I bring greetings from the Synod’s virtual office, since as far as I know our physical footprint has been reduced to a post office box and a storage locker somewhere in Mechanicsburg, PA. I am coming to you from an apartment at Pittsburgh Theological Seminary where I’ll be living for the next four or five months.
I’m learning the wisdom of rug weavers, who understand that working at a loom means adding one strand to the next, until over time a thing of great durability and beauty has come into existence – because right now I feel like I’ve only woven a couple strands together in relationship with you. Becoming part of the Synod of the Trinity is nothing like stamping a coin into existence in a single press.
And if you’re new, you may feel a little like me – that your relationship to the Synod is, at least so far, a small and thin one.
I’m guessing we have a lot in common right now:
- a desire to be effective, but not a clear sense of how;
- a sense of excitement for what could be, but not a whole lot of specific ideas for how that “could” will work;
- a longing that our service might be useful to the churches back home and the churches around the region, but with a feeling that institutional distance and physical distance can make that longing hard to meet.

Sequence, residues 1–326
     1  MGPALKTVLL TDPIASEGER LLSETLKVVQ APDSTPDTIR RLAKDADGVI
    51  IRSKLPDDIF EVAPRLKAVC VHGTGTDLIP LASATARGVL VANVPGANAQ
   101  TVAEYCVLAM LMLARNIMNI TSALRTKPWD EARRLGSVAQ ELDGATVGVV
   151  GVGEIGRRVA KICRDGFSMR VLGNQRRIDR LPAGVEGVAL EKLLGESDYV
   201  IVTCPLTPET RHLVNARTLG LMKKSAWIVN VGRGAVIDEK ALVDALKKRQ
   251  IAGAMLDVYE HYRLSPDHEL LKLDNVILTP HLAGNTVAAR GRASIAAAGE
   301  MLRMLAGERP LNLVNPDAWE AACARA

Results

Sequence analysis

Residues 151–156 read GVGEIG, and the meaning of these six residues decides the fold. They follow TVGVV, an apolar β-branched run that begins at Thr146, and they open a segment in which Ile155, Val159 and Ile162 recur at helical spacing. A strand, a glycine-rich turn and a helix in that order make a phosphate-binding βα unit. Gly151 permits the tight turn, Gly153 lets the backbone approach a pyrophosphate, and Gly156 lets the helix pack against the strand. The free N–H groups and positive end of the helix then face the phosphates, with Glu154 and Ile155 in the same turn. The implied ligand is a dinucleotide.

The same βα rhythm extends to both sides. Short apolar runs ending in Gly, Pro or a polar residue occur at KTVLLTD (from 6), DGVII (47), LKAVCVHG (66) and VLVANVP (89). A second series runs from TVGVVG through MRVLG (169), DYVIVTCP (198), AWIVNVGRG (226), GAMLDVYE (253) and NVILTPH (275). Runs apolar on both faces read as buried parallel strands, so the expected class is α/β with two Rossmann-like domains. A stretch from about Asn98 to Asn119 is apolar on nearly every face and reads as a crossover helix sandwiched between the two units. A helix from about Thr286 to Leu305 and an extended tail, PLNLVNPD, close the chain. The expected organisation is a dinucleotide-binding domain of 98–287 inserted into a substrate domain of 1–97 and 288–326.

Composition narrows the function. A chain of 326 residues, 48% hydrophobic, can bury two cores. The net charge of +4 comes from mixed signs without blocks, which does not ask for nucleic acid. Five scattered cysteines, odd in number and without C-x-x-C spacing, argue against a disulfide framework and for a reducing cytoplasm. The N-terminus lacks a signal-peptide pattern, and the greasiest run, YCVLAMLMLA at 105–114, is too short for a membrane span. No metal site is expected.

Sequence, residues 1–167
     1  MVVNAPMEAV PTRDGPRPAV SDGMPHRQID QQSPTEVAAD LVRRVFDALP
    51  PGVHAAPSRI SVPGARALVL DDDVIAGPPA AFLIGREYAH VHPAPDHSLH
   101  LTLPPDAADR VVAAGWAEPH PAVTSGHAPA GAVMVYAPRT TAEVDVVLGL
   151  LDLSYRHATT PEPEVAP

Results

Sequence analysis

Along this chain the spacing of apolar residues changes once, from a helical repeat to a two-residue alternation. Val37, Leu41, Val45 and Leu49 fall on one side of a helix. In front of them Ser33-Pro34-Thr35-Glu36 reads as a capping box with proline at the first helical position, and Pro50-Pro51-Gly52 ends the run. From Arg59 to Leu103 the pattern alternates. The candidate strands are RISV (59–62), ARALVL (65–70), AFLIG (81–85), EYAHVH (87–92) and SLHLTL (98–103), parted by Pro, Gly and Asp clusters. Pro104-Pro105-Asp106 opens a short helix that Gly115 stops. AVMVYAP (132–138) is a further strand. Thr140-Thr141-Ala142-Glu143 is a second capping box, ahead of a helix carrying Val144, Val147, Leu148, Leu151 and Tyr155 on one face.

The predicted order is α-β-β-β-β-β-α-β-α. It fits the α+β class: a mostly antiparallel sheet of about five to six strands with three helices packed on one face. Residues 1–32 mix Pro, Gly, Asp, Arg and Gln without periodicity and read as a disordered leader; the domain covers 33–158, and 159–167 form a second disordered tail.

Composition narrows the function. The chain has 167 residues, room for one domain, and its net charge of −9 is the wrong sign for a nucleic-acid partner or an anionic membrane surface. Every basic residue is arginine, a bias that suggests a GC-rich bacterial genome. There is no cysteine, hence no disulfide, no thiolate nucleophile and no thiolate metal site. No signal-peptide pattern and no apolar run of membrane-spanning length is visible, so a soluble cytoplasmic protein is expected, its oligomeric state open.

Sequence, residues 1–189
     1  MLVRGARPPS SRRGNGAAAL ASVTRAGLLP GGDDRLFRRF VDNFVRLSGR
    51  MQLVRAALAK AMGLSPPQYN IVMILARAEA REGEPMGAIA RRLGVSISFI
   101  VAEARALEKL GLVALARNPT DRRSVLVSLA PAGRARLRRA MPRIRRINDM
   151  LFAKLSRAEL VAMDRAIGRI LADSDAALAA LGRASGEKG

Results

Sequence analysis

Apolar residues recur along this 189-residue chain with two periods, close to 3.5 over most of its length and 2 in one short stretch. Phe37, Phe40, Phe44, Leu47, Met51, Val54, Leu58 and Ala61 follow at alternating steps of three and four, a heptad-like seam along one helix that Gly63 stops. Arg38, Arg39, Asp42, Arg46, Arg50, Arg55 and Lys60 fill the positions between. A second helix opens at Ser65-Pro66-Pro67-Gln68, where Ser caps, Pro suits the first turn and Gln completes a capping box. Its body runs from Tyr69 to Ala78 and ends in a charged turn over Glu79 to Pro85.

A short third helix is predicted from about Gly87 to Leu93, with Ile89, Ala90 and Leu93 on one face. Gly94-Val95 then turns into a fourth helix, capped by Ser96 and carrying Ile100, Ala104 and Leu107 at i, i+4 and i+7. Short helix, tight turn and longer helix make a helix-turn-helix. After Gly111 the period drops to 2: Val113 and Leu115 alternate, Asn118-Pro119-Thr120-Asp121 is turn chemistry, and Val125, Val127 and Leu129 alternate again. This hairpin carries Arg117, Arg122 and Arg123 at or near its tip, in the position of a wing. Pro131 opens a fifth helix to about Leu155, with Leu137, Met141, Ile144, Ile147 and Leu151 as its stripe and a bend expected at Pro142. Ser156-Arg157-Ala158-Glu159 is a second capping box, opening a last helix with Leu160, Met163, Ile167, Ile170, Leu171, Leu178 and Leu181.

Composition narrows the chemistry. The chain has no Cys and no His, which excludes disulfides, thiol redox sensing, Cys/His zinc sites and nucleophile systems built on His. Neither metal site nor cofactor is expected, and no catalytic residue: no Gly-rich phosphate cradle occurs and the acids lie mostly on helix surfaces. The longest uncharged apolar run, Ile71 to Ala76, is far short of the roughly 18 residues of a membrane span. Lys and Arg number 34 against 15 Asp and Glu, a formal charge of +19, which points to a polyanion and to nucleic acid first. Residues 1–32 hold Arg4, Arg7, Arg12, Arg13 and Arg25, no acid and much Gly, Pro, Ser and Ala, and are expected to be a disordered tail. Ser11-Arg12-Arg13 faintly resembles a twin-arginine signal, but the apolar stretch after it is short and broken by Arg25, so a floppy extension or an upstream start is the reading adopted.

But maybe you’re also like me in the potential you’ve seen:
- how the larger region can bring people together to do more than they can do on their own;
- how the Synod staff are remarkably committed and hardworking to find ways that will help you help your congregations and ministers;
- how the Synod’s resources, both financial and human, can help presbyteries do new things … or do old things better … or find ways to untangle the tangles they’ve gotten into.
And if any of that is true, then like me, you’ve said yes because you believe you can help make it happen. You believe we can be more together – and you want to be a part of that.
All of that is certainly true for me. I hope it is true for you.
And I hope that over the upcoming year we do find our work woven together, strand by strand, until we do find ourselves looking not at a bunch of loose threads – or loose ends, or wits’ ends – but at a well-bound tapestry, a thing of great beauty and durability, all of which is held together in relationships of mutual support and love.
I look forward to this upcoming year of discovering God’s plan for our presbyteries … with you … together. Welcome to the work.